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Structuring Benefit Plans to Recruit and Retain Top Employees

Posted by Marc S. Schechter | Jul 29, 2019 | 0 Comments

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Employers are getting more creative in structuring benefit packages to recruit new employees and retain top workers in an increasingly competitive environment. While salary is a primary consideration, many prospective employees understand the long-term value in benefit packages, especially retirement plans. A desirable retirement plan features for many workers includes short vesting or immediate vesting in 401(k)s. 

Vesting Schedules for 401(k)s and Changing Trends

According to the 2015 Bureau of Labor Statistics' National Compensation Survey, only half of the employers who offer a 401(k) match any amount of the employee contributions. Many employers also have a waiting period before employees can even begin participating in a 401(k). The average match is 3% with only 10% of employers matching 6% or more of the employee contribution

When it comes to vesting schedules, many employers use a graded vesting schedule that provides a percentage vested up to the 100% vesting schedule, usually after 6 years. Others use a “cliff” vesting schedule which requires a minimum number of service years before the 401(k) matching contributions vest. Only about 1/5th of employers provide immediate vesting and that generally only applies to a safe harbor element of that contribution. 

With the labor market tightening and employers competing for top workers from entry-level college grads to seasoned executives, one way employers are getting more creative in recruiting and retention strategies is to offer more attractive retirement benefit plans.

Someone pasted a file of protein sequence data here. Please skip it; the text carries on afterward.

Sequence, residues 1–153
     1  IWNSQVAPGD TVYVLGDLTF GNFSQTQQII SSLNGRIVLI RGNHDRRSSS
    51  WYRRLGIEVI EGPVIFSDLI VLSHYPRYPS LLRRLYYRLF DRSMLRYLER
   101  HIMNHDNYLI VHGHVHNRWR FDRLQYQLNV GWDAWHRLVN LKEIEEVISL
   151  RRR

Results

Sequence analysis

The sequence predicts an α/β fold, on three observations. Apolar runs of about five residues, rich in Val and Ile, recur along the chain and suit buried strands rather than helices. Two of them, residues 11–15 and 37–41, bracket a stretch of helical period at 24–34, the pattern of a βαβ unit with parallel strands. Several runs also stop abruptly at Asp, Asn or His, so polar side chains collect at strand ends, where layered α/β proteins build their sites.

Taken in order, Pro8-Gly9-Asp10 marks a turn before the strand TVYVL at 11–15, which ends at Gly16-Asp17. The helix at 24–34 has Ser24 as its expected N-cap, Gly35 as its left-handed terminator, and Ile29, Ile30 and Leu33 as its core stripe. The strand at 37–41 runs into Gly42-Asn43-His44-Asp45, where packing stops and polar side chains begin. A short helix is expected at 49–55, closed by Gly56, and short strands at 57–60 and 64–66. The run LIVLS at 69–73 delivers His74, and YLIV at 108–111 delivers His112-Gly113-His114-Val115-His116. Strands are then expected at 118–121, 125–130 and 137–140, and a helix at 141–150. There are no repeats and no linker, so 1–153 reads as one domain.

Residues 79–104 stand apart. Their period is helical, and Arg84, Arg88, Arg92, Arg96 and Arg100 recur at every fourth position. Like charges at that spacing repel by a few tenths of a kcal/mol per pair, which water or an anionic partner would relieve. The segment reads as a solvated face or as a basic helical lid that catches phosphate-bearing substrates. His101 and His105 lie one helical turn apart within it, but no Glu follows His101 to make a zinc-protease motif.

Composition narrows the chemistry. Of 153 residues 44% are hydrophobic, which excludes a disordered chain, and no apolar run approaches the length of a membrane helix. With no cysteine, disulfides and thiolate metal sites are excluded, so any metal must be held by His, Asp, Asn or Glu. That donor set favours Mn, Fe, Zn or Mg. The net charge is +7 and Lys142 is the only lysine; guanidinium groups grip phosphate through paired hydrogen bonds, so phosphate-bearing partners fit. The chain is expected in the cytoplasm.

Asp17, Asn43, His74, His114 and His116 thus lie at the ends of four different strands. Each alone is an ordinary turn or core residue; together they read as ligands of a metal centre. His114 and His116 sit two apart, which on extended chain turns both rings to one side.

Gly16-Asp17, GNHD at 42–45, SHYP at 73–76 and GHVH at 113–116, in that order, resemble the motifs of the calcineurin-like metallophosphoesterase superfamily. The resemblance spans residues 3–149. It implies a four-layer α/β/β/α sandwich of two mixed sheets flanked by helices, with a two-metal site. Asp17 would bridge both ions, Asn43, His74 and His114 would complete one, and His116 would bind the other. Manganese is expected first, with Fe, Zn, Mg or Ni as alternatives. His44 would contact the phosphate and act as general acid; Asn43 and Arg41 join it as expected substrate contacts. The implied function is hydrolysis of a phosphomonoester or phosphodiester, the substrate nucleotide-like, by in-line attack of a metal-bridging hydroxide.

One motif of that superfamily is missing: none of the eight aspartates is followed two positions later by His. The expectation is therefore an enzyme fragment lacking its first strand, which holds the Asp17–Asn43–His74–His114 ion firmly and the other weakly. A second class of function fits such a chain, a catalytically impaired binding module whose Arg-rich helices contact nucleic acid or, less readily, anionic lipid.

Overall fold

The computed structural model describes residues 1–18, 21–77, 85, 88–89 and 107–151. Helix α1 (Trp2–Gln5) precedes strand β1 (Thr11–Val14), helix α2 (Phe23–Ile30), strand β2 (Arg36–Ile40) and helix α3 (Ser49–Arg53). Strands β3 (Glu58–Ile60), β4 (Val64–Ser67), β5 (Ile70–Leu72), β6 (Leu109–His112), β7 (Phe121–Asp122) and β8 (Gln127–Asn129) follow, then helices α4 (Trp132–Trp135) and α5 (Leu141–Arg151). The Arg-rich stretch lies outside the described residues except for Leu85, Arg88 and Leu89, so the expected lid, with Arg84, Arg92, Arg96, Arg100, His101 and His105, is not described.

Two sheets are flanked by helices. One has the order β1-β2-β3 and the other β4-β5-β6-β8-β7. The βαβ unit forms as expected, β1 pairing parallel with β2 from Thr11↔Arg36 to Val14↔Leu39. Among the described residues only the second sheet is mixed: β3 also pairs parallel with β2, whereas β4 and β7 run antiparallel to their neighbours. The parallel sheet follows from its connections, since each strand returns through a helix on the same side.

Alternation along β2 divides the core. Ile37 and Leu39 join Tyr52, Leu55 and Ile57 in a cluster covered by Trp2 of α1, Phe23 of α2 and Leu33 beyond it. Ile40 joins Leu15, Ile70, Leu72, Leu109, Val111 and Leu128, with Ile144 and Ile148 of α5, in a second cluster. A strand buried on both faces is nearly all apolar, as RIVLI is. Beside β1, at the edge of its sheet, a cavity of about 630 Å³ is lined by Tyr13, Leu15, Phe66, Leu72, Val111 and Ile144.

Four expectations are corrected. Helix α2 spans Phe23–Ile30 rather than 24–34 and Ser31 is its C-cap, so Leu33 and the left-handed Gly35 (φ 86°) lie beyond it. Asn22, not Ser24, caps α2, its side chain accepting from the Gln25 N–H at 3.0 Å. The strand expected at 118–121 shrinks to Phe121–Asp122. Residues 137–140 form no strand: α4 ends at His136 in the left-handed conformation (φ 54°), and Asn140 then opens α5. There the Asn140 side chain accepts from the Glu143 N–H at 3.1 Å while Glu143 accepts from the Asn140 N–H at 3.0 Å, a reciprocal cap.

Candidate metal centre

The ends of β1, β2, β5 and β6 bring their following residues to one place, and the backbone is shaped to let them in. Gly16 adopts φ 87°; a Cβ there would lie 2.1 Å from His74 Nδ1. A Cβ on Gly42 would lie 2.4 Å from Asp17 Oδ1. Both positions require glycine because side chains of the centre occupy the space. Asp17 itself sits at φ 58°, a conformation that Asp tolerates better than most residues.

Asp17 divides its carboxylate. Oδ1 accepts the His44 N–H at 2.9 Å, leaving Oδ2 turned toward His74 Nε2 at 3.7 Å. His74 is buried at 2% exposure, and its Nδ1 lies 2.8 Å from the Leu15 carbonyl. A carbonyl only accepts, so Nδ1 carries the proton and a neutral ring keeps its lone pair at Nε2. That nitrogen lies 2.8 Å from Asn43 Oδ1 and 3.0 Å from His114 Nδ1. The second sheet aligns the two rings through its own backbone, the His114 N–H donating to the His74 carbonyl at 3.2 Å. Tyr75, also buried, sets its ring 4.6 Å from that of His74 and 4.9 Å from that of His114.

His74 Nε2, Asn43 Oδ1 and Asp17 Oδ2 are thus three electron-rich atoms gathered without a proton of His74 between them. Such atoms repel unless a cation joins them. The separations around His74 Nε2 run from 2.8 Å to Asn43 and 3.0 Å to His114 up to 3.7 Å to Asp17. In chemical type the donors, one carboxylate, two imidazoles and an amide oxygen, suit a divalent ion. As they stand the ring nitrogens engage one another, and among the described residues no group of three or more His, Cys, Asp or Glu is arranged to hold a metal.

Reluctance to Offer Up Immediate Vesting 

Many employers are reluctant to offer up immediate vesting. The purpose of vesting over time is to give the employee an incentive for staying with the company a minimum amount of time. The costs of hiring, training, and bringing a new employee up to speed can be high. Employers need a reasonable retention rate or risk losing investments in new employees. 

Retaining the unvested funds if an employee leaves before the vesting period allows employers to offset some of the costs of worker turnover. However, withholding vestment in the retirement plan may not be a strong motivator for new workers to stay with the company. According to a Pensions & Investments article, experts say that “today's increasingly mobile workers will jump to new jobs for better-paying positions regardless of the money they leave behind in unvested company contributions.”

While delaying vesting for new employees may allow an employer to save more money if the employee leaves before the vesting period is up, it may not be enough of an incentive for the employee to stay with the company. In contrast, when workers have a choice between a company offering immediate vesting and a lengthier vesting process, today's mobile workforce sees the financial benefits in shortened vesting schedules. 

Structuring Competitive Benefits Packages as a Recruiting and Retention Strategy 

Where starting salaries generally fall within a familiar range for equivalent workers, profit-sharing and 401(k) benefit packages are a way for employers to distinguish themselves in a competitive hiring market. According to the article above, Michael Volo, a senior partner at Cammack Retirement Group Inc. sees a loosening of vesting schedules. "As employers compete for talent, I think they're seeing vesting schedules perhaps being a deterrent to attracting high-quality candidates," he added.

Other trends in attracting and retaining new employees involve offering student loan repayment as a job benefit. This benefit is aimed at recent grads who may be burdened with years of undergraduate, graduate, or professional school loans. Structuring these plans given certain time or service requirements can incentivize retaining newer workers where paying off their loans provides an immediate benefit in the workers' debt reduction. To go along with retirement, the sooner a young worker can pay off their loans the sooner they can set aside savings for retirement.  

Employer Benefits Firm for San Diego Businesses

If you have any questions about structuring benefit plans to recruit and retain top talent for your California company, Butterfield Schechter LLP is here to help. We are San Diego County's largest law firm with a focus on employee benefits law. Contact our office today with any questions on how we can help you and your business succeed.

About the Author

Marc S. Schechter

Marc Schechter specializes in the areas of employee benefits, ERISA, and business matters.

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